• coolant pipe / thermostat housing / thermostat
  • engine oil cooler
  • filters (oil, air, cabin, fuel)
  • fluids & oils (engine oil, coolant, transmission, power steering)
  • spark plugs
  • engine & gear box mount and dog bone
  • both gear Cable Shifter Cable End Catches
  • brake rotors & pads
  • suspension (leave rears to last)
  • head lights
  • air con flap motors
  • air con black foam fix
  • driver door lock module
  • head unit, reverse camera

I've learnt heaps over 2 years and enjoyed myself.

But it all comes at a cost (financial & time)

You'll need a place to work and tools.

Even better if there's another car you can drive while this one is in pieces.

There's heaps I'm yet to do, including:
  • coolant pipes & connectors (should have done i when I replaced the coolant pipe)
  • prop shaft joint (donut / coupling / flexible disc / giubo)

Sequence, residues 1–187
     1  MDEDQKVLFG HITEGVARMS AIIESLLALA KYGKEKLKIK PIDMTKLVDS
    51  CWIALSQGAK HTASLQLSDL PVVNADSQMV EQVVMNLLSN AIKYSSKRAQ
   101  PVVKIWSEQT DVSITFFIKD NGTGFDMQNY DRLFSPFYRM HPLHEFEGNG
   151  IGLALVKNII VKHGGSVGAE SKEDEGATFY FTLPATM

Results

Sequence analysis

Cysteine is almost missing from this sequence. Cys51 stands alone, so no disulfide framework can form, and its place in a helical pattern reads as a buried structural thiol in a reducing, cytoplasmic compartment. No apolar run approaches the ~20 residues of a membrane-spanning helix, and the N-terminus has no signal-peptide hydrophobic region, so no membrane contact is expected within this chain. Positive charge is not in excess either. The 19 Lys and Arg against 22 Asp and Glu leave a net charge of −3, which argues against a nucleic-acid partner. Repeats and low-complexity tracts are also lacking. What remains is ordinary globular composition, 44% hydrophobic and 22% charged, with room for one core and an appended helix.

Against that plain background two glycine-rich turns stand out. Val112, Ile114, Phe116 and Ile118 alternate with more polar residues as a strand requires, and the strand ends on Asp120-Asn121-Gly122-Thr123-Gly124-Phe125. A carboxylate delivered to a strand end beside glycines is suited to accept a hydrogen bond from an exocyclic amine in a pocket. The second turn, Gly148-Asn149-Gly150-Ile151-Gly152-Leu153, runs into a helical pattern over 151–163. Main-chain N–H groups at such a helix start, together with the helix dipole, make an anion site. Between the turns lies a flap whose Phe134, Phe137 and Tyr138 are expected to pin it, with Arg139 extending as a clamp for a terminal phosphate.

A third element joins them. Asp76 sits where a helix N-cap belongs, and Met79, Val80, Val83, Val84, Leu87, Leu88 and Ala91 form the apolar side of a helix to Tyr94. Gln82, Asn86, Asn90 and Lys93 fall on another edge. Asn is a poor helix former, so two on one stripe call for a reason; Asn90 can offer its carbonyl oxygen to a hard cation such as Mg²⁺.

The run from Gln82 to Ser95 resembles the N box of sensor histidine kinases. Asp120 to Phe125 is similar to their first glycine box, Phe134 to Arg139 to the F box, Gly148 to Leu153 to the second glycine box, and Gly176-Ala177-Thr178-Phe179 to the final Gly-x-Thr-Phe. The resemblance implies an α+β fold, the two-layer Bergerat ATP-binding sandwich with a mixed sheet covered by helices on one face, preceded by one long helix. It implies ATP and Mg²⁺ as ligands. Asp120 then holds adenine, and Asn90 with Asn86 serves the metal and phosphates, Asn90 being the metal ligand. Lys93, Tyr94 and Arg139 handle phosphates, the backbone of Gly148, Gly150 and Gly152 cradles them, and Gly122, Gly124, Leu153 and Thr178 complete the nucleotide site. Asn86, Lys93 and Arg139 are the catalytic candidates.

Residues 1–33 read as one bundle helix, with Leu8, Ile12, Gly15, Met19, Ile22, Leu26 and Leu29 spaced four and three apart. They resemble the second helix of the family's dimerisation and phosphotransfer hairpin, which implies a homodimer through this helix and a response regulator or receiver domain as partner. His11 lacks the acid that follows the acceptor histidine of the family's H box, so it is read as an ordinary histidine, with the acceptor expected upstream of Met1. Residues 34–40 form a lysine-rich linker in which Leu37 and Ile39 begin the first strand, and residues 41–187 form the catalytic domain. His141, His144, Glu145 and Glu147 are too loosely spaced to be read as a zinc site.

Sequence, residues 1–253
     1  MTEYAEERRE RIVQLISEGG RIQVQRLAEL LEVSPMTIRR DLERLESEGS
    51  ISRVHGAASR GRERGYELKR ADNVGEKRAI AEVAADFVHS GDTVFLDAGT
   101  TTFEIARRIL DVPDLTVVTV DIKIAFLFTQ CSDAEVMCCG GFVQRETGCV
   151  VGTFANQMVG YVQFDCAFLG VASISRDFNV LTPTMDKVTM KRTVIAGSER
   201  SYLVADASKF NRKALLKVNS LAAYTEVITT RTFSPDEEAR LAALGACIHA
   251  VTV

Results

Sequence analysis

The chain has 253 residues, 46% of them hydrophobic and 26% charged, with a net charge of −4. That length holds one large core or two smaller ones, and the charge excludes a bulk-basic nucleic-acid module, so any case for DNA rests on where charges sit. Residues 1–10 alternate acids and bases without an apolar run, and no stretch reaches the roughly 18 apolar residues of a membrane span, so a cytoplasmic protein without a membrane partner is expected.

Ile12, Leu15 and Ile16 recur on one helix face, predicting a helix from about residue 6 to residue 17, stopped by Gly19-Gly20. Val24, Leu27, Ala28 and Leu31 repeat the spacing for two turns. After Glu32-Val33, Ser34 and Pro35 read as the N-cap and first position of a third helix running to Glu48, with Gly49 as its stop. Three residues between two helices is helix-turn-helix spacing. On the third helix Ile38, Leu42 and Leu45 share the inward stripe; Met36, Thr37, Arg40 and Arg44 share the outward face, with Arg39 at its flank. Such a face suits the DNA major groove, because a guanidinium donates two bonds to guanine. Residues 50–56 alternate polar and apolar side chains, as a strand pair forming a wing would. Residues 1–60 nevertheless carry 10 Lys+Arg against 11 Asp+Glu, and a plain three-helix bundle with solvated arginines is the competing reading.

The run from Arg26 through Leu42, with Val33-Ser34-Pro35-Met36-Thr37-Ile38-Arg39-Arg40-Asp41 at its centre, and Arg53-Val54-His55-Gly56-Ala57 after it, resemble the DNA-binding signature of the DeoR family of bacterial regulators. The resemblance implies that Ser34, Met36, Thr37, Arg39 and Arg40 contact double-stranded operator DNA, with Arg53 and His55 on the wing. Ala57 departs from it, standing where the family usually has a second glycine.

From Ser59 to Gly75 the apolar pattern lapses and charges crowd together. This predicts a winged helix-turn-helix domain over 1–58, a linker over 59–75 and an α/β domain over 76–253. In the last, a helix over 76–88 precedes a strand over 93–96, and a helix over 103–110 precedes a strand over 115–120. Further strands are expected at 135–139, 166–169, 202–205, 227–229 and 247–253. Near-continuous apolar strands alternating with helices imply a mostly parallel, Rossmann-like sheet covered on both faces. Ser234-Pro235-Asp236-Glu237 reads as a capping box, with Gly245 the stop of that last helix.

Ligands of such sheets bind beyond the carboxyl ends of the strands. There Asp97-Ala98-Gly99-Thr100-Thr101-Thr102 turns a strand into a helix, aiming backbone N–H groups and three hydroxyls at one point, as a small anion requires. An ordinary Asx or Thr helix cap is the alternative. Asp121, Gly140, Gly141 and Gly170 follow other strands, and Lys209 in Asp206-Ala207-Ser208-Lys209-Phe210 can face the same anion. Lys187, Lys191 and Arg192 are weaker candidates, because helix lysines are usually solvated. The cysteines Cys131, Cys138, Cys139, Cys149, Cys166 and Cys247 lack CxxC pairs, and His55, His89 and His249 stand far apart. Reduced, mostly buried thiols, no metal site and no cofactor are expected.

• air con compressor & dryer (& regas)

My 2003 V6 Bora journey is here.
Thanks for this, this is exactly the sort of thing I was looking for! :)
 

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the only way to get a vr6 to run as it did when it was new is to replace all bearings, piston rings, all seals, all gaskets, chains, chain followers, sprockets, spark plugs, coils, all suspension parts, all drive parts, brakes all round including the disks, clutch & flywheel, clutch pedal fix or replace and a flush of the tank.... than you do the fresh fluids and filter service

it will be expensive and more of a restoration... and when you do the maths.... you can get a bmw m3 e36/audi s4 in good condition for the costs of all those parts... and that is without the hours a garage would charge to actually do the work, factor in a respray and we are talking m5 and rs4 money... just saying